Harley Earl was Vice President of Styling for General Motors and considered the father of American automotive design. Since its inception in the 1920s, GM styling was based on a concept known as “artificial obsolescence,” which involved redesigning and retooling the entire line of cars every two years so that car owners would want to sell or trade in their old car and buy the “latest” model. It worked so well for GM that Ford and Chrysler were driven to follow the same business model which ultimately, years later, led to the financial collapse of the automotive industry.
The economic waste due to the enormous cost of retooling body parts and production lines so that automobiles could present a “fresh face” to consumers was of little consequence to executives. What mattered was that to be “in” consumers had to have the “new” model. This manufactured need boosted short term profit for the companies. When I [b. traven] worked in Detroit, I had an older utilitarian Ford station wagon which drove my co-workers crazy. It was disloyal to my GM employer, but it got me where I wanted to go. Even back then I was a brand and style contrarian.
Artificial obsolescence and manufactured need is of course not limited to cars. Consider America’s defense industry and its high-ticket items. Let’s kick the tires of the F-22 Raptor “stealth” fighter and the F-35 Lightning II “stealth” fighter-bomber. First of all, stealth technology (involving esoteric and expensive radar absorbing and reflecting materials) adds billions of dollars to the sticker price of these planes, yet the need for this “option” is marginal (at best). There’s little need to evade sophisticated radars in a world with only one superpower.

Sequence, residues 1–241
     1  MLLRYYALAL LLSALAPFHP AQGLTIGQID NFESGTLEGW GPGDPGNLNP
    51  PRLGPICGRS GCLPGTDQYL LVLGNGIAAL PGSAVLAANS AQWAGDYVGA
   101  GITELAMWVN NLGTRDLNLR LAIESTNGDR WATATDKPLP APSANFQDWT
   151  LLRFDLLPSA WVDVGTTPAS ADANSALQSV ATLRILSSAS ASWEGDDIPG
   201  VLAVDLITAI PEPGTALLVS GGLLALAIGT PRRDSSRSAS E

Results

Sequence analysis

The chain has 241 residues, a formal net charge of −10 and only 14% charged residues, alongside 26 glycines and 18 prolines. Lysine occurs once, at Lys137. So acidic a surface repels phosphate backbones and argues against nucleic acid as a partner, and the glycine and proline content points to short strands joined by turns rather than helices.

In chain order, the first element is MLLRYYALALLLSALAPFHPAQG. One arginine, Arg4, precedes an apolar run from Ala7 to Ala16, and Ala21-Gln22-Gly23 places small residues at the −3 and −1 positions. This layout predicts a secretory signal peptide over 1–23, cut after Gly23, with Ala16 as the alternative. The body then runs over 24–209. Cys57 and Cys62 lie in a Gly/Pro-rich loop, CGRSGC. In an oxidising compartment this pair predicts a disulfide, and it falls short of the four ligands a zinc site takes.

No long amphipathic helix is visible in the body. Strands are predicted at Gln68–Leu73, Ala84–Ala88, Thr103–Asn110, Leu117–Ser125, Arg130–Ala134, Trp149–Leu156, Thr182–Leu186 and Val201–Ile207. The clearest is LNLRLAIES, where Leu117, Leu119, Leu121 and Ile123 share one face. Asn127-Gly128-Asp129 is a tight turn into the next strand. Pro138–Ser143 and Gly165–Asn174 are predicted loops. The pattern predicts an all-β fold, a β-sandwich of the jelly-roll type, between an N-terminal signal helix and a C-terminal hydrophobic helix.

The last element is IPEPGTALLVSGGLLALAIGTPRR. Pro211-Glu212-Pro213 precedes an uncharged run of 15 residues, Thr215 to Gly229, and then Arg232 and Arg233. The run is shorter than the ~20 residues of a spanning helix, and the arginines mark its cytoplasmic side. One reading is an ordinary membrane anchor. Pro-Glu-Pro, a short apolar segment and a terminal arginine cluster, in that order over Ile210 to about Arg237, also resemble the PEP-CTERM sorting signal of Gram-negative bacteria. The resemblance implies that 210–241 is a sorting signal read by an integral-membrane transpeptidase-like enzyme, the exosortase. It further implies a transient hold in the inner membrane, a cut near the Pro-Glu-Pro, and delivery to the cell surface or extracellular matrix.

Leaving that aside, consider the effectiveness of previous American fighter jets, such as the F-15 Eagle (available in air superiority and “strike” versions), the F-16 Fighting Falcon, the F-18 Hornet (and Super Hornet), even the ungainly A-10 Warthog. All of these planes are proven performers; they are also far cheaper than the F-22 and F-35, and arguably more effective.
Even our profligate Pentagon spenders stopped buying F-22s because at roughly $400 million a copy, they were just too expensive (and also too prone to killing their pilots). Yet the Pentagon is persisting in plans to spend roughly $400 billion to acquire F-35s (despite serious teething pains and horrendous cost overruns), even though older and more reliable models like the A-10 or F-18 are perfectly capable of accomplishing the mission.
That’s the story of our military-industrial complex and the compliant representatives of the people who approve these foolish expenditures. They’ll spend countless billions on the equivalent of new tail fins for their latest Cadillac fighter jet. Harley Earl is laughing somewhere.
But what’s really obsolete is our thinking, which prefers the new and shiny, never mind the cost, all in the name of short-term profits for industry. It’s an economic model that wasn’t sustainable in the automotive industry. And it sure isn’t sustainable in military circles at a time of supposed fiscal austerity.
But, heck: We’re winning style points even as we imperil our economy. Hooray, America!
Update 1 (10/3/2013): The Inspector General (IG) for the Department of Defense has identified 719 problems with the F-35 fighter-bomber. Efforts to solve these problems will continue to drive up the per unit cost of the F-35. Meanwhile, Predator and Reaper unmanned drones continue to supplant manned fighters. And when we need a pilot in the cockpit, legacy fighters such as the F-15, F-16, and F-18 continue to perform the mission.
Actually, what matters more than new planes to combat effectiveness is the skill of pilots and the weapons attached to those planes. Yet with the F-35 we continue to pursue the “bleeding edge” of aircraft technology — and hence our country continues to bleed scores of billions for a plane we arguably don’t need. But we are scoring style points…
Update 2 (10/25/2013): For a detailed (and very sobering) article on the F-35 and all its problems, see Adam Ciralsky, “Will It Fly?” at Vanity Fair. Link here. Also useful is this article by JP Sottile.